Flashback to Spaceworld 2000. A tech demo was shown as to how Zelda might look on the all new Nintendo Gamecube, showcasing Link and Ganon in a semi-realistic looking swordfight. It seemed a natural evolution of the series; as technology progressed so rapidly, of course a franchise about a sword wielding hero in a mythological world would turn more towards realism. People were seriously excited.

Then in 2001, that all changed. A video showing Link running away from Moblins was all that was shown, but it was a drastic departure from what was expected. It was so… toony! So, dare I say, childish! This wasn’t the epic follow up to the legendary N64 titles; this was a kid’s game! And, in fairness, the reveal trailer wasn’t all that great. It did a poor job showing off what Wind Waker would actually be like, focusing excessively on the new look, foregoing actual Zelda-esque segments and instead displaying a tone that the final game never really had. The marketing for the game definitely improved as the game got closer to release though. Later trailers began to show off what the finished experience would be like.

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But it never really recovered from being viewed as a child’s game before it came out; the art style turned people off, and sales suffered. They weren’t terrible, of course, but the last officially recorded numbers released by Nintendo were 3.07 million sold — far beneath Ocarina of Time‘s 7.6. Not only did the game come in beneath sales expectations, it failed to help the Gamecube, a console struggling to sell well, pick up momentum on the market. And now it seems we might have an exceptionally similar situation in play: and I couldn’t be happier.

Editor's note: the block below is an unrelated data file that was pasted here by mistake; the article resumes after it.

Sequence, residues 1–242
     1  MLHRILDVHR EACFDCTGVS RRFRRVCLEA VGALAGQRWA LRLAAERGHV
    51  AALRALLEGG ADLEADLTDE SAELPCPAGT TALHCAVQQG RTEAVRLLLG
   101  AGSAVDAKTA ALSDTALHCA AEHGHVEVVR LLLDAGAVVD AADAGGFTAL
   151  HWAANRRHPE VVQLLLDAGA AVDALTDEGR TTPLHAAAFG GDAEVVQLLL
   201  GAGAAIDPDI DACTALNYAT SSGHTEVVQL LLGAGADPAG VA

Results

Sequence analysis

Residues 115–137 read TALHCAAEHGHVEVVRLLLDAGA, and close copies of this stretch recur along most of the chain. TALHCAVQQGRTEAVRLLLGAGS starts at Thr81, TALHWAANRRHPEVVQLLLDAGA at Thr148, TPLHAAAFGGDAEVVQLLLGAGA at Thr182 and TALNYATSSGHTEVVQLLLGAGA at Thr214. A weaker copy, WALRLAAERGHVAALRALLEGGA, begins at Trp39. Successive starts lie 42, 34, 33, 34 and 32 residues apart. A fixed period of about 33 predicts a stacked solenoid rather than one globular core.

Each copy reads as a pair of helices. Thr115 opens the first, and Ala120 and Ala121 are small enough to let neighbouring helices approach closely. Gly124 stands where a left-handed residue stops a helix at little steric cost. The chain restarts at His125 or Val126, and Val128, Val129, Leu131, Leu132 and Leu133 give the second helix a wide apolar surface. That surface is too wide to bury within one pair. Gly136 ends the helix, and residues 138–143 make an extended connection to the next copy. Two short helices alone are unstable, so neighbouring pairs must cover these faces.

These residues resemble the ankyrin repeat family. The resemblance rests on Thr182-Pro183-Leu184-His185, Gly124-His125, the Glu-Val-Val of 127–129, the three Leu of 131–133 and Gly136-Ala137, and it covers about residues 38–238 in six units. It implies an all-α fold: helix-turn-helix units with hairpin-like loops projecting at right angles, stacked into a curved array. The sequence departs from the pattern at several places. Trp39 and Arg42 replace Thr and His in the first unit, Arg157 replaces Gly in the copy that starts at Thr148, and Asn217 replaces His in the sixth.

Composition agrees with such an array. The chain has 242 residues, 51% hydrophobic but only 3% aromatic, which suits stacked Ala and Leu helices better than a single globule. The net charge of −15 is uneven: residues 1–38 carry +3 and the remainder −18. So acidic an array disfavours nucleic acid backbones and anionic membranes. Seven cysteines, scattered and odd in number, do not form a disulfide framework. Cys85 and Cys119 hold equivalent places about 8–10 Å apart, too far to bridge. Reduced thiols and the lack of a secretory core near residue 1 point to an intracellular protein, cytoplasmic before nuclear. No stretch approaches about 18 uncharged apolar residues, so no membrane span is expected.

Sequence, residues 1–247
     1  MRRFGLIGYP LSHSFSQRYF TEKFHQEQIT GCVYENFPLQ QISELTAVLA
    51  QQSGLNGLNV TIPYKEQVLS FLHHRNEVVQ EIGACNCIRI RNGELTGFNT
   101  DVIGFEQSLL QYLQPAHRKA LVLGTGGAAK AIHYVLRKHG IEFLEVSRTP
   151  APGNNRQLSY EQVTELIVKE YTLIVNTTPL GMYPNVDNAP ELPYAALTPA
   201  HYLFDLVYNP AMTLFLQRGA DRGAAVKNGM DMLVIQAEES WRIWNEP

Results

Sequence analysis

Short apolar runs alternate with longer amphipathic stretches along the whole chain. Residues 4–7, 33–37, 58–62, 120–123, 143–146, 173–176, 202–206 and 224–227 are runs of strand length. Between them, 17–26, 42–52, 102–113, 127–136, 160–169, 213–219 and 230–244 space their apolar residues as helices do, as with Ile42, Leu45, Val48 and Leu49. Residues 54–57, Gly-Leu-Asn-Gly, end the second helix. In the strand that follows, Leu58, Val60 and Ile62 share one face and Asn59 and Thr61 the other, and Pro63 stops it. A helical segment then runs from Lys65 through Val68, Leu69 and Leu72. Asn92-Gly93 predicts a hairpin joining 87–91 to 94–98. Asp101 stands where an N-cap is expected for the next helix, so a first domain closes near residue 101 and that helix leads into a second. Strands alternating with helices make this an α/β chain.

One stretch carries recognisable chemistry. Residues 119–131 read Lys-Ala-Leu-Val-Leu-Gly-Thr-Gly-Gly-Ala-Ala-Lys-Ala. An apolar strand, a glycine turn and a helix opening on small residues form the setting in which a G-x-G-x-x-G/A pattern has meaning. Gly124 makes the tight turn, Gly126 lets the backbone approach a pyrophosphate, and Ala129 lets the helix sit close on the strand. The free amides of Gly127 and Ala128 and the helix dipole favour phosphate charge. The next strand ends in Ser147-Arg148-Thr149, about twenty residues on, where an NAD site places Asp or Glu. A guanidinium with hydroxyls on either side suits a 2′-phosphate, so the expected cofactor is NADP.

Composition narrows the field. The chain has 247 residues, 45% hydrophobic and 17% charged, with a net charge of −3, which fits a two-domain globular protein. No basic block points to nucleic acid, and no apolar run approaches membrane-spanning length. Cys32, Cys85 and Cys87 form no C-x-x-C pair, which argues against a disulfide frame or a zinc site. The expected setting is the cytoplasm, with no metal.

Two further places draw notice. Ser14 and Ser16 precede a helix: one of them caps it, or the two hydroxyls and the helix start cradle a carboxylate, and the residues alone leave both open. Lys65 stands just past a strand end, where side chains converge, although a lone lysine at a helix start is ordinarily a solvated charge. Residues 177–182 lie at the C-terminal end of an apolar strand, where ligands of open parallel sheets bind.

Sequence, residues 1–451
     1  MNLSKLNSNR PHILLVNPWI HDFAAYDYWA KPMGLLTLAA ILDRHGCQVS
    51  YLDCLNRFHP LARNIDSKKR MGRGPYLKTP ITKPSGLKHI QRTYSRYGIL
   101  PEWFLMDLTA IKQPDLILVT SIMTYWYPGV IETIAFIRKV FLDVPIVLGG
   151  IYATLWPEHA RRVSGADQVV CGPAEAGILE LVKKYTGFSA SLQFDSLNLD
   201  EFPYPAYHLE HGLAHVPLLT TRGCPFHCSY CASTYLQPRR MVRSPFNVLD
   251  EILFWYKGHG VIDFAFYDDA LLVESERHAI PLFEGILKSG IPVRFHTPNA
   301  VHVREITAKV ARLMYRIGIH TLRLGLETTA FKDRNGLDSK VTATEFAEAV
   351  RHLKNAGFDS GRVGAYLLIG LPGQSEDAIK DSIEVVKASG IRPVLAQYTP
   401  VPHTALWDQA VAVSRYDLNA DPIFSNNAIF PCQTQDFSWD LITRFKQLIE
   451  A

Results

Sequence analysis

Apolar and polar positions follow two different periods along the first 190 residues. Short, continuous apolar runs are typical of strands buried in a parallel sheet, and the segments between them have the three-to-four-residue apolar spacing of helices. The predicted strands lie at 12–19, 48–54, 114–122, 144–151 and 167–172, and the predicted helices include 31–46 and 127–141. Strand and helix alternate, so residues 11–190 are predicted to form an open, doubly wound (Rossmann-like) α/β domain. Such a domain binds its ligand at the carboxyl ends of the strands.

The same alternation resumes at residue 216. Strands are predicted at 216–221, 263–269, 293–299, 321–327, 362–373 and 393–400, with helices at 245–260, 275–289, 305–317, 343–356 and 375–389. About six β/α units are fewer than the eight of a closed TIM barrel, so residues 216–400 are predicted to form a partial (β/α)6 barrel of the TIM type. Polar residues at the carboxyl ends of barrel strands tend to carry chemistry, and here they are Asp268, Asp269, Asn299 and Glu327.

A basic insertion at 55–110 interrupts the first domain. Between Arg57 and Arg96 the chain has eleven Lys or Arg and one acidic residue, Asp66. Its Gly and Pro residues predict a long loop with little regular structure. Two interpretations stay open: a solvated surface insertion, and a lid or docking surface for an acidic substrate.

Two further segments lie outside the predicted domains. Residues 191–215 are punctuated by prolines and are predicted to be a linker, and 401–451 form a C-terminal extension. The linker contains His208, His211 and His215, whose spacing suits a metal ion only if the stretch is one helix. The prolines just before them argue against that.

Flashback to E3 2011. Though Skyward Sword was soon to release, Nintendo elected to create a tech demo for their newly announced Wii U console to show off the graphical capabilities. It used Twilight Princess‘ semi-realistic graphical style to show off Link fighting a massive spider in a temple setting, and it looked incredible. Beautiful. Epic. Every adjective you can think of. It seemed a happy middle for the increasingly realism-focused mainstream market and the classic whimsy of the franchise.

And yet, this visual style worried me ever so slightly. I knew it would be beautiful no matter what they chose, but I was still scared. If they chose this style for the full game, would it be because that is what the developers wanted, or because they believed it would increase sales? It would be hard to blame them if it was the latter. Ocarina of Time and Twilight Princess, both games that arguably did not focus on their cartoonish nature as much as, say, Wind Waker and Skyward Sword did, sold far better.

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But at the same time, as a consumer, the sales do not directly affect me. Whether the game becomes a massive mainstream hit does not affect my experience with the game. And from my experience, games tend to be better when the developers care about them. Not that they would not care about the game if they spent all of their time creating it; no, they would pour their heart and soul into it. But when the project is the team’s from the beginning and not something done to get off store shelves, when everything is their design and not just an assignment that they have to do, the game tends to be a more passionate one.